Bringing the OR to the ER: Administration of Nicardipine as an IV Bolus
I made a comment once on Twitter that if I ever became a physician, the specialty I would go into would be anesthesiology. Why? Anesthesiologists have time and again done such innovative things with medications in the operating room that have made their way into the practice of emergency medicine. One example that comes to mind is the use of intravenous lipid emulsion therapy for the treatment of various toxicological emergencies. Another instance is the use of push-dose vasopressors for the short-term management of hypotension or as a bridge to vasopressor infusion therapy and/or while central line access is obtained.
In an earlier blog post, I discussed my experience with nicardipine for the management of blood pressure in the setting of neurological emergencies. Many of the studies that I have found regarding this have looked at using a continuous IV infusion of nicardipine that is titrated based on the observed blood pressure response.
So you can imagine my reaction when I discovered that the use of nicardipine as an IV bolus for the short-term management of hypertension originated from anesthesia. I thought to myself, “Those anesthesiologists have gone and done it again!” But you are probably thinking to yourself, “Wait…administration of nicardipine as an IV bolus??”
Many of the studies that have evaluated the use of bolus dosing for IV nicardipine were conducted in the perioperative setting. Bolus dosing of IV nicardipine has been used for anesthetized patients undergoing surgical procedures to control and maintain intraoperative and postoperative hemodynamic stability. Another common use of bolus dosing of IV nicardipine in the OR is for the attenuation of the increase in blood pressure associated with laryngoscopy and endotracheal intubation for patients who have undergone anesthetic induction. A great review article here highlights the results of some of these studies.
The doses that were studied in these patient populations varied between weight-based dosing (20 to 80 mcg/kg) and fixed dosing (0.25, 0.5, 1, and 2 mg). One study demonstrated a dose-dependent response associated with the use of bolus dosing of IV nicardipine and the effects on mean arterial pressure, systolic blood pressure, and diastolic blood pressure. The mean time for maximum response varied from 66 seconds to 101 seconds, depending on the dose administered.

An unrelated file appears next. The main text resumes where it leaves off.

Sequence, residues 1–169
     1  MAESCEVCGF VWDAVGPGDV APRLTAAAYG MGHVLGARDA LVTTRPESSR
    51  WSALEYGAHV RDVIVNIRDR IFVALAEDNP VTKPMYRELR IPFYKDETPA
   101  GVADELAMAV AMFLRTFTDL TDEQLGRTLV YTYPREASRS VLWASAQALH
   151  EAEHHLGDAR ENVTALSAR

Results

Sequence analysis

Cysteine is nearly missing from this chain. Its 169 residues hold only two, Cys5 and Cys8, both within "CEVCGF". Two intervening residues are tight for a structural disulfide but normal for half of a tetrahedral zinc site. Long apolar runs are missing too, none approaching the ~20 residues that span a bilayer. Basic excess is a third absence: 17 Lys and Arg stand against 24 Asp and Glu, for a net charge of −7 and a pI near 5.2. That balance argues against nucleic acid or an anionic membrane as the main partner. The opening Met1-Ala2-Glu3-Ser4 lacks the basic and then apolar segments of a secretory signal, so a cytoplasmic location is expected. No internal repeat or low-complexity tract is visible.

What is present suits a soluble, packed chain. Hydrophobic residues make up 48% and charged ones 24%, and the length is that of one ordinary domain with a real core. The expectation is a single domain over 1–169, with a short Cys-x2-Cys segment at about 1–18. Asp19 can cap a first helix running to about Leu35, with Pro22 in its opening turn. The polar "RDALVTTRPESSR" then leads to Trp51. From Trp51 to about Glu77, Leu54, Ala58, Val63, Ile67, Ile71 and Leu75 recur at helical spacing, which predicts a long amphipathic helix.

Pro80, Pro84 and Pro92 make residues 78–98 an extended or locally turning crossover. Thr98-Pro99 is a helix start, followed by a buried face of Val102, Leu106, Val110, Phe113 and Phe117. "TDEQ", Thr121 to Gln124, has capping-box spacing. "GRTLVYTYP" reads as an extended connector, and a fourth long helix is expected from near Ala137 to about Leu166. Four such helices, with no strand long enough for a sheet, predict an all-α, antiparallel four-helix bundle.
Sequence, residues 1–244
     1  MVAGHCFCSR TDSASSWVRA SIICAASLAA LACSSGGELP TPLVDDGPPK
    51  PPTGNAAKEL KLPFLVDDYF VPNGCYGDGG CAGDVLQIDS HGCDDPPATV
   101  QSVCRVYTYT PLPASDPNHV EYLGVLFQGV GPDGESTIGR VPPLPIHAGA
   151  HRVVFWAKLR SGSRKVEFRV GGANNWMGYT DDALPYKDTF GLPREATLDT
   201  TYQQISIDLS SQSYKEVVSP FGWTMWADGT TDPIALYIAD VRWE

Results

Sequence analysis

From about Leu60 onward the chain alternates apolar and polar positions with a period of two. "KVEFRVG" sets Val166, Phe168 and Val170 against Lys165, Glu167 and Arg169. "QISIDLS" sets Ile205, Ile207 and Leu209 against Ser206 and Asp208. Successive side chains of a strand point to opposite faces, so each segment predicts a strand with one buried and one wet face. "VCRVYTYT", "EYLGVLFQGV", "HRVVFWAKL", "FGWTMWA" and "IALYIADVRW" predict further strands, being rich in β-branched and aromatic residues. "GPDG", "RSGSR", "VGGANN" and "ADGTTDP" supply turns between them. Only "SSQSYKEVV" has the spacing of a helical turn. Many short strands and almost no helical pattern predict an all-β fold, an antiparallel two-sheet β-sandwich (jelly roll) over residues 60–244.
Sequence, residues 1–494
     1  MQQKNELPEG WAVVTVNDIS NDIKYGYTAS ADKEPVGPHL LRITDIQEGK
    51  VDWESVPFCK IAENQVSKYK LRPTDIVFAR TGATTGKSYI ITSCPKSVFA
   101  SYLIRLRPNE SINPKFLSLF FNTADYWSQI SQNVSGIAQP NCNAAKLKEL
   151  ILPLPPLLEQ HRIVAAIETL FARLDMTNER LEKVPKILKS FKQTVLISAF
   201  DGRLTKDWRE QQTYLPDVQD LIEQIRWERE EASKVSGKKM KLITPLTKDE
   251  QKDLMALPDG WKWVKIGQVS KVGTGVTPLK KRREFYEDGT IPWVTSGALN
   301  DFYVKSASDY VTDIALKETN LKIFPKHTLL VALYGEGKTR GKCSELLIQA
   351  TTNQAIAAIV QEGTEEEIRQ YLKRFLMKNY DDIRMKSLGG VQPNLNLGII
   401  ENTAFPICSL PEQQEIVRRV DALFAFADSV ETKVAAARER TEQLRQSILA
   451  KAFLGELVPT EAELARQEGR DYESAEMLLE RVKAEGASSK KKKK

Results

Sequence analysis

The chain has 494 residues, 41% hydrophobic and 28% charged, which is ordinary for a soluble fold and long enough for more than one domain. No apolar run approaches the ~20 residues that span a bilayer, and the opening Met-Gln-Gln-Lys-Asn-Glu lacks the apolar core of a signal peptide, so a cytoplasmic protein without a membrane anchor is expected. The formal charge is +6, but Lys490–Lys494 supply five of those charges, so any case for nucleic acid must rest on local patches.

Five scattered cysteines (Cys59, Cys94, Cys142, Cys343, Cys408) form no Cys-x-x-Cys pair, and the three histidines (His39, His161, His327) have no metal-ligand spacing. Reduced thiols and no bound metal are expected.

A theoretical benefit that I can envision with the use of bolus dosing of IV nicardipine is the rapid control of blood pressure while the effects of the continuous infusion kick in. One situation where it may prove to be of some potential value is in the management of hypertension in the setting of neurological emergencies. Another setting is in the management of acute aortic dissection in patients whose blood pressure is not controlled with the use of β-blocker (i.e. esmolol) monotherapy.
Unfortunately, there have not been any trials conducted that have evaluated the use of bolus dosing of IV nicardipine in patients who are not going elective procedures, and so the applicability for patients in the emergency department is relatively limited without evidence from case studies or randomized, controlled clinical trials. Maybe one day, such studies will be performed for the acute control of blood pressure in these and other situations that are encountered in the emergency department setting. Perhaps like intravenous lipid emulsion therapy and push-dose vasopressors, bolus dosing of IV nicardipine will make its way into the practice of emergency medicine and will be heralded as one of those therapies where clinicians will wonder, “How come we never thought about using this before?” Time will tell.